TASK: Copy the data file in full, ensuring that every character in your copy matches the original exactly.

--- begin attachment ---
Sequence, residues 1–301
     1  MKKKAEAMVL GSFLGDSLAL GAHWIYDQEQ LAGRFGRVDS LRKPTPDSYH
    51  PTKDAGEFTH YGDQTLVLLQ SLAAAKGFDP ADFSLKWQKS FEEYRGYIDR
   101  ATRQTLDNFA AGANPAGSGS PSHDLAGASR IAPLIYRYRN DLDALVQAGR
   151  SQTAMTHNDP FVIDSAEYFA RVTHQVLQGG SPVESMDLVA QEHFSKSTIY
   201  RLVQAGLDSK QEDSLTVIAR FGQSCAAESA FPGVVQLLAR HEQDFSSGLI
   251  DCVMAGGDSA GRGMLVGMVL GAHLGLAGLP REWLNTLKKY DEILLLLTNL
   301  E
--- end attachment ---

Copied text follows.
Sequence, residues 1–301
     1  MKKKAEAMVL GSFLGDSLAL GAHWIYDQEQ LAGRFGRVDS LRKPTPDSYH
    51  PTKDAGEFTH YGDQTLVLLQ SLAAAKGFDP ADFSLKWQKS FEEYRGYIDR
   101  ATRQTLDNFA AGANPAGSGS PSHDLAGASR IAPLIYRYRN DLDALVQAGR
   151  SQTAMTHNDP FVIDSAEYFA RVTHQVLQGG SPVESMDLVA QEHFSKSTIY
   201  RLVQAGLDSK QEDSLTVIAR FGQSCAAESA FPGVVQLLAR HEQDFSSGLI
   251  DCVMAGGDSA GRGMLVGMVL GAHLGLAGLP REWLNTLKKY DEILLLLTNL
   301  E